Many people are dubious about whether a person can actually become addicted to the internet. A new study may just dispel some of these doubts. Research has found that people who claim to be addicted to the internet have similar brain patterns to those found in people struggling with alcoholism and drug addiction.A recent study in China has shown that Internet addiction affects the brain in the same way as any other addiction. It can cause changes to the brain that only occur when alcoholism or cocaine addiction is present. The study involved 17 Chinese teenagers who were given MRI scans. Some of the teenagers were self-described Internet addicts, who claimed they felt depressed, irritable and restless when they attempted to cut down on their Internet use. The brain scans revealed that the Internet addicts had abnormal amounts of white matter surrounding neuron paths in the brain.
Gordon Harris, professor of radiology at Harvard Medical School, says the study provides an insight into why some people are more easily addicted than others. Rather than addiction being in some way related to weakness, the study reinforces that addiction is connected to brain chemistry. Jonathon Wallis, professor of neuroscience and psychology at UC Berkeley, backs this evidence further - the areas of the brain that exhibited an abnormal amount of white matter are, he says, those involved with compulsive behaviour.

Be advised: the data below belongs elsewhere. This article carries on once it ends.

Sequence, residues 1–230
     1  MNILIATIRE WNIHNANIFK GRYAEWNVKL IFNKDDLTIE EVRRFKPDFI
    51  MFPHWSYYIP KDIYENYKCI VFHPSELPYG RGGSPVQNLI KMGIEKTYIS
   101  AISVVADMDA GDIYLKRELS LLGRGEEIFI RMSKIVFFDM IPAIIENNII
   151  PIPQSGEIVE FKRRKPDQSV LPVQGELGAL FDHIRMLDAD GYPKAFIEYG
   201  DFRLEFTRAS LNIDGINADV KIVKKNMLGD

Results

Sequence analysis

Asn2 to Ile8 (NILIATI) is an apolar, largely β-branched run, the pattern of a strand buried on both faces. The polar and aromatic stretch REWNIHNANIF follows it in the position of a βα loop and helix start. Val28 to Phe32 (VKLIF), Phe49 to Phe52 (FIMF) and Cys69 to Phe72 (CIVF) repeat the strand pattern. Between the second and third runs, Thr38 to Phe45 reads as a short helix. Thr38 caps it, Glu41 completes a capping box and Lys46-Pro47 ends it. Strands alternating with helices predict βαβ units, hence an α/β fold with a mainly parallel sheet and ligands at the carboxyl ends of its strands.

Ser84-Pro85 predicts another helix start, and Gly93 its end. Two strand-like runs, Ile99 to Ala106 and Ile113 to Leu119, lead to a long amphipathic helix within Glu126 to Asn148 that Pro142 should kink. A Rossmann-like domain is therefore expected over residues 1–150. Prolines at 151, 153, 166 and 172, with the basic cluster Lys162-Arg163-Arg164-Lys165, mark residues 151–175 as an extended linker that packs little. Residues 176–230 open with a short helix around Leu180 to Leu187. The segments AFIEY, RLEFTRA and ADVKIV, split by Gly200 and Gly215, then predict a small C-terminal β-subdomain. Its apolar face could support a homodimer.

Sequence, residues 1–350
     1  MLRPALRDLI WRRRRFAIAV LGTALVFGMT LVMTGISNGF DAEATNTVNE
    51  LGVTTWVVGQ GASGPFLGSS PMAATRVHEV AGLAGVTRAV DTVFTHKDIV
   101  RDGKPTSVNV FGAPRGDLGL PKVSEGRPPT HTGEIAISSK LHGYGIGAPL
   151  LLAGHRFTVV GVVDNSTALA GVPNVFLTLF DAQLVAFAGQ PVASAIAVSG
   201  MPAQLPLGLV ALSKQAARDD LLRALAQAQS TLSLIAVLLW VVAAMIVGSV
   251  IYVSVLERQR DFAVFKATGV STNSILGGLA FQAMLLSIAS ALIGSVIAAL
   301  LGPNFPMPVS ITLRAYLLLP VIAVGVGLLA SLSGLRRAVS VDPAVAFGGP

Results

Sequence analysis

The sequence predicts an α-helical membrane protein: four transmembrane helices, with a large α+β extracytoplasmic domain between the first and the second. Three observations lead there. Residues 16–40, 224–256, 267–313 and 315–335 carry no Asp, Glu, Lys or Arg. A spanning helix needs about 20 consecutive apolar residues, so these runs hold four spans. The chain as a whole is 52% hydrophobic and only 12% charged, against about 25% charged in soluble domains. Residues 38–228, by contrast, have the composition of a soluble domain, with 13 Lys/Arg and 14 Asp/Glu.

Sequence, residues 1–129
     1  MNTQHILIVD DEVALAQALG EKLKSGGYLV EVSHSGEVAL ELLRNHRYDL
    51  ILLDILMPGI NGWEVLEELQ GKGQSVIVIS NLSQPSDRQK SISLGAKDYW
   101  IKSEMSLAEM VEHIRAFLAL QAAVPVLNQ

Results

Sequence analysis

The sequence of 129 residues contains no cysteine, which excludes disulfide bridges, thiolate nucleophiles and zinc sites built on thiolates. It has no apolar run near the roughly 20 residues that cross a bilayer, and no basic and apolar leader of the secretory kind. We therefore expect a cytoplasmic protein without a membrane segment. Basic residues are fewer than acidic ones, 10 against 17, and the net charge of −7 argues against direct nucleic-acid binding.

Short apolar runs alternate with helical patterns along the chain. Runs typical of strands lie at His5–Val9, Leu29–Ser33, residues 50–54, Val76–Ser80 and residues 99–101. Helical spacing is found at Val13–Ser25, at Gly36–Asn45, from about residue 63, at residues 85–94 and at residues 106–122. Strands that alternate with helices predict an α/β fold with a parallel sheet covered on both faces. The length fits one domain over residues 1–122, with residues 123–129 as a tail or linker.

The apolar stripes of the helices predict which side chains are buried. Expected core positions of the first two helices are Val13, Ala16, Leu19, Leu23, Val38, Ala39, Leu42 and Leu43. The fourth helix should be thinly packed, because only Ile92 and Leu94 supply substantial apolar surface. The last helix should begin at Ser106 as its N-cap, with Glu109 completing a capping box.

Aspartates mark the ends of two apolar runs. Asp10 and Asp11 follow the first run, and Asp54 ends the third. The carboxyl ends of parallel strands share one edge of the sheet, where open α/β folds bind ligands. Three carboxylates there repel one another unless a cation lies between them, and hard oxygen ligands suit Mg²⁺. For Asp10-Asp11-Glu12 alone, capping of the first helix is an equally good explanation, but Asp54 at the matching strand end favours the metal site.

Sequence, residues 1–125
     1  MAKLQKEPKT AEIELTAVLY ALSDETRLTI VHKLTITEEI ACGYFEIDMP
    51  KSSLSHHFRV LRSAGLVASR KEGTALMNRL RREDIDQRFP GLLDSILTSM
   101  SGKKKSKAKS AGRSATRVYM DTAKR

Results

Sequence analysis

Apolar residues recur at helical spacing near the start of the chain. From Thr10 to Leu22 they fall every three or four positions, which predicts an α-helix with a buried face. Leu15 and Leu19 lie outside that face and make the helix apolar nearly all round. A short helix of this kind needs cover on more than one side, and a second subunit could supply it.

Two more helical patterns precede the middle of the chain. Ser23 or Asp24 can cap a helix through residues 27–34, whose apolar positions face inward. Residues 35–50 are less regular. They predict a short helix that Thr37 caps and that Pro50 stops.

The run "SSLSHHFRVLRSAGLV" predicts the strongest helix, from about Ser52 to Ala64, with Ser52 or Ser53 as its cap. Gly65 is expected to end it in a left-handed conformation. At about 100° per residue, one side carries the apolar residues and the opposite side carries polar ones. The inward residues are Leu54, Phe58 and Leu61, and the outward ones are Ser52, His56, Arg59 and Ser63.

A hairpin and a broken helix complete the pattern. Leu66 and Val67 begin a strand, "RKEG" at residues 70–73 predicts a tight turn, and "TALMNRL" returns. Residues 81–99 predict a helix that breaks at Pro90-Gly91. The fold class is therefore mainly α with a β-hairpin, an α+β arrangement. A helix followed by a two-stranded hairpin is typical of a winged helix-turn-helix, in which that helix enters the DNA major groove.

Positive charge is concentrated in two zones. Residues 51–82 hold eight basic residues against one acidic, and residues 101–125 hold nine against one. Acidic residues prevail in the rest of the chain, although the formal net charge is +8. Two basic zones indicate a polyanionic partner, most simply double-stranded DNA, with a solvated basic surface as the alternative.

Of course, Internet addiction is still a controversial topic. Experts hold that almost 10% of Internet users have an addiction disorder, so they become absorbed online much more quickly. Often forgetting to eat or drink for long periods of time, this behaviour is clearly more abnormal than the skeptics would have you believe. Indeed, Dr. Henrietta Bowden-Jones - a psychiatrist who runs a public clinic for Internet addicts - agrees that Internet addiction will cause sufferers to forgo relationships, obligations and even basic needs.
Dr. Bowden-Jones also holds that Internet addiction is primarily in relation to gaming, especially role-playing scenarios. Many contend that this is not as dangerous as an alcohol or drug addiction, but several deaths have been attributed to Internet addiction throughout the world. In the last year, one South Korean man died of cardiac arrest after playing an online game for 50 hours, and another Chinese man died after 3 days of non-stop gaming.
Of course, this new research helps experts to understand Internet addiction in greater depth. Scientists still don't know whether the abnormal white matter is the result or cause of addiction, but hopefully Internet addicts can be better understood, and supported, as more research is conducted.